Tam biet, Vietnam
05/23/2008 - 05/25/2008
Hanoi is another very busy and loud city. We saw a lot more cars here, but motorcycles and bikes are still the primary means of transportation. The roads are crazy with traffic, and stores spill out onto the streets and sidewalks making it difficult to walk around at times.
Taxis are a little suspect here. The speed of the meter seems to increase exponentially as you get closer to your destination. Steve is very good at bargaining and usually persuades them into a fixed price (no meter) before we start. A motorcycle clipped the side of our taxi today. Our driver simply cursed something in Vietnamese and kept on going.
Local life in Hanoi is really interesting. The open air markets are full of fresh flowers, vegetables, fruits, and every kind of meat and seafood imaginable -- fish, shrimp, squid, beef, pork, chicken…if it swims, squirms, crawls, or walks, they’ve got it.
Everything in Hanoi happens along the side of the street or on the sidewalk. Families sit and eat dinner together, and you can even have a haircut and a shave...
We are staying in the "Old Quarter" section of town near Hoan Kiem Lake. Hoan Kiem is a beautiful lake and park area, which includes Ngoc Son Temple and Thap Rua (Tortoise Tower). A 15th century legend tells of a magical sword from heaven being sent to the Emperor to defeat Chinese invaders. A giant golden tortoise then emerges from the lake to return the sword to heaven.
We opted not to visit the "Hanoi Hilton" prison, but we did visit the Ho Chi Minh complex. It spans a very large area and consists of museums, pagodas and the mausoleum. Unfortunately, Uncle Ho is away getting some work done so it was closed the day we were there.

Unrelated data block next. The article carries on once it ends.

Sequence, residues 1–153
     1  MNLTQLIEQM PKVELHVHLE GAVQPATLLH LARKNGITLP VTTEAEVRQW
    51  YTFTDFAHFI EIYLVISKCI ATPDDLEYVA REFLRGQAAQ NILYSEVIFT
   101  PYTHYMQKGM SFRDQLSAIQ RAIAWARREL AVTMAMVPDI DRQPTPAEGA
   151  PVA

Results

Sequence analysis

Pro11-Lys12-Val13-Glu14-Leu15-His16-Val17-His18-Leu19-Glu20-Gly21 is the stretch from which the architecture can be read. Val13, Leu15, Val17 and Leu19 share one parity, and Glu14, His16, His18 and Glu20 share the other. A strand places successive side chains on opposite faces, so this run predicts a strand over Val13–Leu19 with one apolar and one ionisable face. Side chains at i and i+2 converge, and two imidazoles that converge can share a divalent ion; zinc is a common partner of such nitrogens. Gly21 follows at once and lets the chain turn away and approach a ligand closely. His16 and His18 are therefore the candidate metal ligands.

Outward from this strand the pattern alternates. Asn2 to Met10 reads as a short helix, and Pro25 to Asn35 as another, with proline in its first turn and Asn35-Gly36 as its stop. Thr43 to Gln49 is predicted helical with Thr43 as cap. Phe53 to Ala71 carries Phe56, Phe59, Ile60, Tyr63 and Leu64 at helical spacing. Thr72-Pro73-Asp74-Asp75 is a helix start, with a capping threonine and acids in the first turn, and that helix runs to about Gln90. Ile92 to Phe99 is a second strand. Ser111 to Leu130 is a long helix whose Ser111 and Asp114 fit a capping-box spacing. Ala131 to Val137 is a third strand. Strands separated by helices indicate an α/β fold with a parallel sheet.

We also went to see the famous Hanoi Water Puppet Show. It was really quite good. Water puppetry is performed in a chest-deep pool of water. The water's surface serves as a stage, and the puppeteers stand behind a curtain. This form of entertainment dates back to the 12th century. The scenes depict traditional village life and legends.
After a few days in the city, we booked an excursion to Halong Bay, which is a grouping of over 3,000 small islands north of Hanoi. The bus ride from Hanoi was about 3 hours. We then boarded a traditional junk boat which took us further into the Gulf of Tonkin and the bay islands. We moored in a quiet inlet and took a smaller boat to one of the islands to visit Hang Sung Sot “Amazing Cave". The cave was very impressive, consisting of three large chambers. Upon exiting the top of the cave, we were treated to a spectacular view of Halong Bay and the islands.
After returning from the cave, we went kayaking. It was fun to navigate around the islands and the rocks…the scenery was marvelous. We stayed overnight on the boat, and then returned back to Hanoi the following day.
Vietnam has a total of six UNESCO World Heritage sites. We have been lucky to visit four of those on this trip: Halong Bay, My Son Temple, Hoi An Old Town, and the Hue Citadel. We’ve had a great visit, even though there are still parts of Vietnam that we did not have time to see.
The people here appear very proud and confident. However, there is definitely a division between the people of the north and the south. We were surprised to hear one of our travel guides from Hanoi describe the people in the south as "slow thinkers". Even though the country is now "reunified", there still appears to be a rift.
We are now heading to Thailand for a couple of days before moving on to Cambodia.
Tam biet, Vietnam
Steve & Ann